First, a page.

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Fold-Up Blocking Boards For Machine Knitting, Hand Knitting and Crochet


I've been asked many times about my personal preference for Blocking Boards used to block machine knit, hand knit and crochet items. I contributed the following answer to a Ravelry group discussion about Blocking Boards and I wish to share that with you now. 

Blocking Boards for Knitting & Crochet Projects

My preference for blocking Knitting and Crochet projects is to use cardboard fabric cutting boards which are made for pinning out and cutting sewing patterns. These cutting boards are available at better sewing, fabric and quilting stores.

Fabric cutting boards store very easily as they are shipped folded into sections, accordion style, so they take up a minimal amount of storage room in your home and are very light in weight, easy to move and transport. No assembly is required.

All images and text ©Patrick Madden/Superba Knitting™

I've used these boards for decades. They are made of heavy-duty cardboard that is water resistant and have a white paper bonded to one side that is printed with colourfast measurement grids in both inches and centimetres.  Opened to their full size they measure 40" wide x 72" long. Some versions are 60" long.

All images and text ©Patrick Madden/Superba Knitting™

These Blocking Boards are tough as nails. Let me repeat that the printed paper that is bonded to the cardboard is colourfast and does not bleed the printed colour onto wet knits or crochet. People tend to be skeptical about this but it's true. I've blocked many a white, off white, cream, pale pink, blue and mauve items and never had any issue with colour bleeding. 

All images and text ©Patrick Madden/Superba Knitting™

The cardboard does not get soggy so you can wet block directly onto the surface using either a Spray Bottle, or after having soaked and wrung out your project either by hand or using your washing machine spin cycle and also by steam blocking your knits using a home iron.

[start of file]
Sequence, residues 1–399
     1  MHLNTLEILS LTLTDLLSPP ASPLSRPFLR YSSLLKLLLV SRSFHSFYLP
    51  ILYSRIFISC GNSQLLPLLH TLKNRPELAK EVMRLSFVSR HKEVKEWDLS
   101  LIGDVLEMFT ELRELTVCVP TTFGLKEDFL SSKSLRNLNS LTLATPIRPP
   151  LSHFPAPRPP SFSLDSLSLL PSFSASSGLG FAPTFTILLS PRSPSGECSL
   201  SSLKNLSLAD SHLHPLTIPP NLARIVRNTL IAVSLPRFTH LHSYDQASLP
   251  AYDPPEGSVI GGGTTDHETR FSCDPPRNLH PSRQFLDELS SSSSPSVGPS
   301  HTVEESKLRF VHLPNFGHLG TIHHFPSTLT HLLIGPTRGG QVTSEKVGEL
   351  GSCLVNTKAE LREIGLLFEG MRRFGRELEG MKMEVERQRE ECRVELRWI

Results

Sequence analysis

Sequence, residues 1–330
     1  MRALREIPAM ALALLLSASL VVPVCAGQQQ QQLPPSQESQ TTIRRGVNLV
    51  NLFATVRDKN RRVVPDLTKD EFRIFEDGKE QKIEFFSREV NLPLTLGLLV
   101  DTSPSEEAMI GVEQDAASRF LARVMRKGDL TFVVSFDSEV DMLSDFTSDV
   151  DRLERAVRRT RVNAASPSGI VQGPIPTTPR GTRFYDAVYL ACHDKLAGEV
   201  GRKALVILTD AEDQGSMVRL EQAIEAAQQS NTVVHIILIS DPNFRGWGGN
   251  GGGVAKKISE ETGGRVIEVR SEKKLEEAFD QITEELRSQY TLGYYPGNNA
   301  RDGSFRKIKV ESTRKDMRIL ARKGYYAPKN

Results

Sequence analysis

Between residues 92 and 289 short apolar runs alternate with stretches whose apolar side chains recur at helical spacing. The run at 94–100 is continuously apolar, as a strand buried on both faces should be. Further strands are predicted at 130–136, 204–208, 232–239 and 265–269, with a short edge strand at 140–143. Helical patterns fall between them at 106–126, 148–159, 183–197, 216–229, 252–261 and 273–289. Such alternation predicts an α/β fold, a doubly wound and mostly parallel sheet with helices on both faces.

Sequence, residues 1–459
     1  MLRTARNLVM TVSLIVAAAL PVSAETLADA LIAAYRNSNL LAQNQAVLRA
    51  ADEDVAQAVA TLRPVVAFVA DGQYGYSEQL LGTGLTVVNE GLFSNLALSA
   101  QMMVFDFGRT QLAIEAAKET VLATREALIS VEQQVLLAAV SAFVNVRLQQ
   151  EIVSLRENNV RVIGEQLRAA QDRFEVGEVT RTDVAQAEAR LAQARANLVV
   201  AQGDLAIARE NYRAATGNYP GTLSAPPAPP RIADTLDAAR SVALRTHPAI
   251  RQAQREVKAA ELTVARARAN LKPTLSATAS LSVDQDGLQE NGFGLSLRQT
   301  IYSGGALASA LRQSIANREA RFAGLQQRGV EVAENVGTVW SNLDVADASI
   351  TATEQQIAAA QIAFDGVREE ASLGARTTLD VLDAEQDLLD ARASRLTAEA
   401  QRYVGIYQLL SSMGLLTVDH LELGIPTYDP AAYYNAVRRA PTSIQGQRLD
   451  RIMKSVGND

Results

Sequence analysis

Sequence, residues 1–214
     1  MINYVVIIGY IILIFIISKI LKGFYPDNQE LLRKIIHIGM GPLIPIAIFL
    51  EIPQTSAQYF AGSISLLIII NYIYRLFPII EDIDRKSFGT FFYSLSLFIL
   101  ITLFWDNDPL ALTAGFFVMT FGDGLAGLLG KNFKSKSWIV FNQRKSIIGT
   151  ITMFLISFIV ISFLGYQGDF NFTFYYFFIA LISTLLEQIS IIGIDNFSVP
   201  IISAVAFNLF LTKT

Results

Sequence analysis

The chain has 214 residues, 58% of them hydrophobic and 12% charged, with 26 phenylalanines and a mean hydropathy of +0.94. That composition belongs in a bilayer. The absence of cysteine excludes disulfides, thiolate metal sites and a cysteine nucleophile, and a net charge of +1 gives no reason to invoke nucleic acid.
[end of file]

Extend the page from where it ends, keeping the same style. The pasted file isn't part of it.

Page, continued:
All images and text ©Patrick Madden/Superba Knitting™
All images and text ©Patrick Madden/Superba Knitting™

I use these for all stages of knitwear production; blocking Gauge Swatches, piece blocking of knitting and crochet projects, and for the regular washing and drying of completed garments.

All images and text ©Patrick Madden/Superba Knitting™

Since we use pins to block with, you have to keep in mind the surface underneath the blocking board as you work. Not every surface is scratch resistant so be cautious. If you choose to do this working on the floor and are pinning into wall-to-wall carpeting you have nothing to worry about but if you doing this on a dining table or wood floor, you need to mind the sharp tips of the pins. 

All images and text ©Patrick Madden/Superba Knitting™
99% of the time I pin into the blocking board at an angle and the pin won't pierce the other side but most pins are sharp enough to penetrate the cardboard so keep that in mind and go easy when pushing the pins into the board. You can buy blunt tip pins to help minimize this but I prefer T-Pins which have sharp points. Blunt tip blocking pins as shown below with the green pin head are available from Clover.

All images and text ©Patrick Madden/Superba Knitting™

The photos in this post demonstrate another advantage to using Blocking Wires; you will use less pins when blocking with wires vs. not using wires. Invest in a set or two!

As Blocking is crucial to the finishing of knitting and crochet, these boards allow for all shapes and sizes of your hand work to be blocked. I have multiples of these boards on hand so I can block a single item or group them together to accomodate much larger pieces like blankets and shawls. 

All images and text ©Patrick Madden/Superba Knitting™

I am a tall man, 6'3" in height and I  need more than one board to block a sweater my size, a minimum of two of these Blocking Boards to block personal projects and the boards are inexpensive, so I recommend you purchase two. Best to be prepared. The boards are large enough to accommodate a pullover Front and Back section, so I block those together on one board. 

Then I'll block the sleeves on a second board. This project is one I hand knit for myself. The pattern is Lars by Martin Storey from Rowan Knitting Magazine 36. The yarn is Rowan Plaid. 

All images and text ©Patrick Madden/Superba Knitting™

A great feature of these sturdy yet light weight blocking boards is that once you are done blocking you can stand the blocked pieces up and set them out of the way! Perfect if you have a dog or cat or curious children running through your home or if you live in a small space and don't have the room to leave a project out all day.

All images and text ©Patrick Madden/Superba Knitting™
If you have dogs or cats and you've been blocking your knitting project down on the floor, you can identify with the following photos. Your pets will come and paw at it or walk across your knitting or even lay down on top of your work as they are curious as to what you are focusing on, which in their opinion should be them!